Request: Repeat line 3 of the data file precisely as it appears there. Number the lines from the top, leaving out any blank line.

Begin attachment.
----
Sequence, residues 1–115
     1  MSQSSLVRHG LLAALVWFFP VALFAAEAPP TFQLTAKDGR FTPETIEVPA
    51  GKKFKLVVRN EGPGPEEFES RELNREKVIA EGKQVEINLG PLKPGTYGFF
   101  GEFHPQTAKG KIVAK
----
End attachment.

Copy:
    51  GKKFKLVVRN EGPGPEEFES RELNREKVIA EGKQVEINLG PLKPGTYGFF